This contest is planned, but not yet approved by NASA Headquarters!
And apparently it never was approved because I could find no further mention of it. Sorry, Girl Scouts! Guess you’ll have to settle for a career selling cookies!
Yet there’s hope. There’s always hope and this time round it comes in the form of a marvellous human being who calls himself Red Slider, who I can’t help picturing as a snake (but a nice snake), clad in a hemp tunic sort of thing, living under a rock in the Californian desert and coming out only to march (slither?) in anti-war demonstrations and fossick around in community gardens. And inscribe the occasional really bloody good poem in the dust with his tail. Red Slider’s cause is to induce NASA to hire a staff poet.
Oh man, oh Red Slider, how quixotic thou art, and how I love thee for it. (It’s that American spirit thing again.)
I think we should all go sign his petition.
But even if NASA gets trimmed out of existence, there’ll still be American space exploration, and probably American space poetry, too. Every now and again a Don Pettit or an Al Worden creeps into the mix.
Would there still be Japanese space exploration without JAXA? It’s hard to imagine … as hard as it was at first for me to imagine a space agency sponsoring poets. But living in Japan is all about reconsidering your kneejerk assumptions. And I keep remembering Hayabusa.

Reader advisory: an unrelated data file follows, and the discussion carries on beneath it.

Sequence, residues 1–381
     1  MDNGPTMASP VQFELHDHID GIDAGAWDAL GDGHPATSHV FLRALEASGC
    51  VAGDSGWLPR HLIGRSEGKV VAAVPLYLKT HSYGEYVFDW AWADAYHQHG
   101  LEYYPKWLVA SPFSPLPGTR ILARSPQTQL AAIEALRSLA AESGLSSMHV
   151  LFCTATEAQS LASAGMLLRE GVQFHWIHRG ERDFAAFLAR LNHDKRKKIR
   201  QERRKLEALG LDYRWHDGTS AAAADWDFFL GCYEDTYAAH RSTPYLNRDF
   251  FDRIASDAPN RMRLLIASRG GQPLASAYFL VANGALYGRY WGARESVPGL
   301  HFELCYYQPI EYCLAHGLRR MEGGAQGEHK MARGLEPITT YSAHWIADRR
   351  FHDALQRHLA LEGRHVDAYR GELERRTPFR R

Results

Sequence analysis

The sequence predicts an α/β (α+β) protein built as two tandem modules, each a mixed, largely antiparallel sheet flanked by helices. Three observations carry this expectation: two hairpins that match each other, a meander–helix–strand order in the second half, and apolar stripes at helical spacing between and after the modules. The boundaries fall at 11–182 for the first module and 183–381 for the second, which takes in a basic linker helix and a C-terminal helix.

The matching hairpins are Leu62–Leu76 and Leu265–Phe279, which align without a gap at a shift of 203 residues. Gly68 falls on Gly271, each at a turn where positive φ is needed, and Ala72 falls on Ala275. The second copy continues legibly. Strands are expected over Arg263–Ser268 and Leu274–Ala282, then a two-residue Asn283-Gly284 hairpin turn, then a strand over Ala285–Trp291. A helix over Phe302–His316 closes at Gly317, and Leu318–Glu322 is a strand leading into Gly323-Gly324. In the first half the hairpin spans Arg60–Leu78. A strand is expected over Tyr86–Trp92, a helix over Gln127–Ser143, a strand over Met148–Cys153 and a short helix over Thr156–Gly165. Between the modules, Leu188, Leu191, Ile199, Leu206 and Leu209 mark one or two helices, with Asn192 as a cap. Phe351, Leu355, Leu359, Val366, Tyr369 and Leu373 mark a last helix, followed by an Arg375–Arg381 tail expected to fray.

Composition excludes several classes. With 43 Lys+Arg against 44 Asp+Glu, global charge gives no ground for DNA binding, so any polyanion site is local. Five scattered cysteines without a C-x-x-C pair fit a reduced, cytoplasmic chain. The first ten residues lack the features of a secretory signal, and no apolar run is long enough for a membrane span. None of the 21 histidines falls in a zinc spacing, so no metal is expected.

All that Hayabusa brought back was dust. Dust. But it got movies, plural, made about its journey, and the summer after its recovery I was walking through a shopping center near Tokyo Station when I came upon a line wrapped around the block. All these people were lined up to view a piece of Hayabusa’s capsule. The event was called “O-Kaeri, Hayabusa”–“Welcome back, Hayabusa!” This is the phrase you use to your husband, wife, or child when they come home.
I’ve got a feeling the Japanese are heading off-planet sooner rather than later. All the stars are aligned for it (thunk! That’s the sound of a pun falling flat). Nichibei Kasei Kichi? Maybe. I hope so. And I hope they hire several staff poets.
1. The real scandal here is that it took until 2009 for anyone to write a poem in space. God alone knows what poetic extravagances may have poured through the minds of the early astronauts, or occurred to the doomed passengers of Challenger and Columbia,
but for our purposes here, words on paper or it didn’t happen.
2. Translated, as far as I can make out, by Janine Beichman, a professor at Daito Bunka University who is listed as doing all the J-E translations for JAXA’s Space Poem Chain.